[ in-ept, ih-nept ]
/ ɪnˈɛpt, ɪˈnɛpt /


without skill or aptitude for a particular task or assignment; maladroit: He is inept at mechanical tasks. She is inept at dealing with people.
generally awkward or clumsy; haplessly incompetent.
inappropriate; unsuitable; out of place.
absurd or foolish: an inept remark.

Origin of inept

1595–1605; < Latin ineptus, equivalent to in- in-3 + -eptus, combining form of aptus apt
Related formsin·ept·ly, adverbin·ept·ness, noun
Can be confusedinapt inept unapt Unabridged Based on the Random House Unabridged Dictionary, © Random House, Inc. 2019

Examples from the Web for inept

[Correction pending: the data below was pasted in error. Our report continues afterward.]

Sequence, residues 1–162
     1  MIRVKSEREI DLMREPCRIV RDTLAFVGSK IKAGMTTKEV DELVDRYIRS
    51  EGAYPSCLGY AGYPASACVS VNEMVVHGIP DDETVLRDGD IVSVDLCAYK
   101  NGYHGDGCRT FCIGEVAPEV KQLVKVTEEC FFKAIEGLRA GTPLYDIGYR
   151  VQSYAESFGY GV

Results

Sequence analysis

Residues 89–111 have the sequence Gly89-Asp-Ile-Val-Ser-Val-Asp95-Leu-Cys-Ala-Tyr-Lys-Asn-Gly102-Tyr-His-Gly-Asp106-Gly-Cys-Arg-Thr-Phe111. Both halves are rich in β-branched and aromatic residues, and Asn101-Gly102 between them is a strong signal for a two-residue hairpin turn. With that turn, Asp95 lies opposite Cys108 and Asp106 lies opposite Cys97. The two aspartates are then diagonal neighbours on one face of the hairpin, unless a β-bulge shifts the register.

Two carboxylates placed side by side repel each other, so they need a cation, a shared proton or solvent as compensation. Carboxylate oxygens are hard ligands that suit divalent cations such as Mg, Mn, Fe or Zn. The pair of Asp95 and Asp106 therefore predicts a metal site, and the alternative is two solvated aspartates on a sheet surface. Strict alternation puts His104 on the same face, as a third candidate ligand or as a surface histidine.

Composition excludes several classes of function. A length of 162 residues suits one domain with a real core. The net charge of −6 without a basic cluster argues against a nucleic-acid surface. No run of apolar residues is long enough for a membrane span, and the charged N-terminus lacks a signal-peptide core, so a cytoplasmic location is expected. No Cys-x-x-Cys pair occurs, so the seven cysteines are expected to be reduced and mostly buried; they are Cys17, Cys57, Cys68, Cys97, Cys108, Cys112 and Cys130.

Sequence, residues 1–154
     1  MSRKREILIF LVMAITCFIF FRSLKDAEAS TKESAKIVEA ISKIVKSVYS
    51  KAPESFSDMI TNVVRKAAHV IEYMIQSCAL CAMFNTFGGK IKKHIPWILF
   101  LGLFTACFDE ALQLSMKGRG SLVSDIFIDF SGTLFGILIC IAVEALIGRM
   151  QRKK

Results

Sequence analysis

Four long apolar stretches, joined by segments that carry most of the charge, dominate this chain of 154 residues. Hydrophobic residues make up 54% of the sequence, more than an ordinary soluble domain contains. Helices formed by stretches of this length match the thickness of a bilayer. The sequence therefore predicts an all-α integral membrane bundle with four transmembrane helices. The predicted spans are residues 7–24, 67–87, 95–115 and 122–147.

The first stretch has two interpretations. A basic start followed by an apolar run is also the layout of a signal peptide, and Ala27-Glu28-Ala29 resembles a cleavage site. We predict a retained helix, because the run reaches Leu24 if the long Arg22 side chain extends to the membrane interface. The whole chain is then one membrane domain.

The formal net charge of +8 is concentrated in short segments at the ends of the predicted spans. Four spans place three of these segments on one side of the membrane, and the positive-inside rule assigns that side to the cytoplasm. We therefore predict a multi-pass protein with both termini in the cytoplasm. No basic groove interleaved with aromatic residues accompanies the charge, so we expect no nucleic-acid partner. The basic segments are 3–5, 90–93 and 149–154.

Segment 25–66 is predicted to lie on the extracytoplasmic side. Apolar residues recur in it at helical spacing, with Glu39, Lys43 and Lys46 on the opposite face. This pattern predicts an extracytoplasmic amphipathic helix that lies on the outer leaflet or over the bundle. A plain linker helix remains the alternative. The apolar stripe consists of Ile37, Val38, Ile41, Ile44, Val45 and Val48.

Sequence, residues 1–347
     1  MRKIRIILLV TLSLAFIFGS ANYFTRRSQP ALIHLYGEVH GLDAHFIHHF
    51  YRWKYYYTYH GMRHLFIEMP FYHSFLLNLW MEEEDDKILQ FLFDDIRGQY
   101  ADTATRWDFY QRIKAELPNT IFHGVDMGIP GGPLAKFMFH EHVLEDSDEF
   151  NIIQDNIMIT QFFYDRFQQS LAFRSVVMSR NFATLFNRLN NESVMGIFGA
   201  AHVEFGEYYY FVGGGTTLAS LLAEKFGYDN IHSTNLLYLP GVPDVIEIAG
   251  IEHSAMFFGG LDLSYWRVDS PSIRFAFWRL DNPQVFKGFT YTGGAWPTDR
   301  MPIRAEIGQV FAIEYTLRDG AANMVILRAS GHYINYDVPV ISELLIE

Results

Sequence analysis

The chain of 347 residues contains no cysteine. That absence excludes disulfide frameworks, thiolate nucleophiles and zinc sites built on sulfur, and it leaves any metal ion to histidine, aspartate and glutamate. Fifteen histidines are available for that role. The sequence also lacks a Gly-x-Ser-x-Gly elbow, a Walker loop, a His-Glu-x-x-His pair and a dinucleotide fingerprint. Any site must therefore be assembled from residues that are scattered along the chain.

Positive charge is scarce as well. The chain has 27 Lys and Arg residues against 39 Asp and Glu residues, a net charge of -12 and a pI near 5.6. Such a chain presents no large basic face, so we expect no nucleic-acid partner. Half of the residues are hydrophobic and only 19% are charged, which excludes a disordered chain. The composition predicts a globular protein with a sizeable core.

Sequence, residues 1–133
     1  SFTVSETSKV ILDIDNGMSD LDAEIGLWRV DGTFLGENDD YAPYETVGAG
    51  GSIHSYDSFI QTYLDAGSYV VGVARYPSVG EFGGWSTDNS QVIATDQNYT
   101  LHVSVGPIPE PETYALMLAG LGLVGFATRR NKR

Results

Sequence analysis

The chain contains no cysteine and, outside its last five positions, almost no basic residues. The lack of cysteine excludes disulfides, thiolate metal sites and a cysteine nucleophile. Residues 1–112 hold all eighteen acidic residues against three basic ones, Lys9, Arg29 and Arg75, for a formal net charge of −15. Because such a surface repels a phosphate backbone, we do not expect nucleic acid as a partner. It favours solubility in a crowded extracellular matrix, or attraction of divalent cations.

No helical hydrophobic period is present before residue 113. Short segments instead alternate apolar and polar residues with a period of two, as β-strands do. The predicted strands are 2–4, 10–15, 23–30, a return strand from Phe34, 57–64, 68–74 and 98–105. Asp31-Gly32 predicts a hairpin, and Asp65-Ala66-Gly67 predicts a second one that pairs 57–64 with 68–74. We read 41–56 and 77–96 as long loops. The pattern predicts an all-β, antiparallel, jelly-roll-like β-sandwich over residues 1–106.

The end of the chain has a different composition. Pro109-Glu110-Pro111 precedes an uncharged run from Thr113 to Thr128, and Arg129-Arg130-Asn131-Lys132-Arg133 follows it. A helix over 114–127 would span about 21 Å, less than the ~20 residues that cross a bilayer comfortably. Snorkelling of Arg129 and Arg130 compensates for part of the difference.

British Dictionary definitions for inept


/ (ɪnˈɛpt) /


awkward, clumsy, or incompetent
not suitable, appropriate, or fitting; out of place
Derived Formsineptitude, nounineptly, adverbineptness, noun

Word Origin for inept

C17: from Latin ineptus, from in- 1 + aptus fitting, suitable
Collins English Dictionary - Complete & Unabridged 2012 Digital Edition © William Collins Sons & Co. Ltd. 1979, 1986 © HarperCollins Publishers 1998, 2000, 2003, 2005, 2006, 2007, 2009, 2012

Word Origin and History for inept



c.1600, from Old French inepte (14c.) or directly from Latin ineptus "unsuitable, improper, absurd, awkward, silly, tactless," from in- "not, opposite of" (see in- (1)) + aptus "apt" (see apt). Related: Ineptly; ineptness.

Online Etymology Dictionary, © 2010 Douglas Harper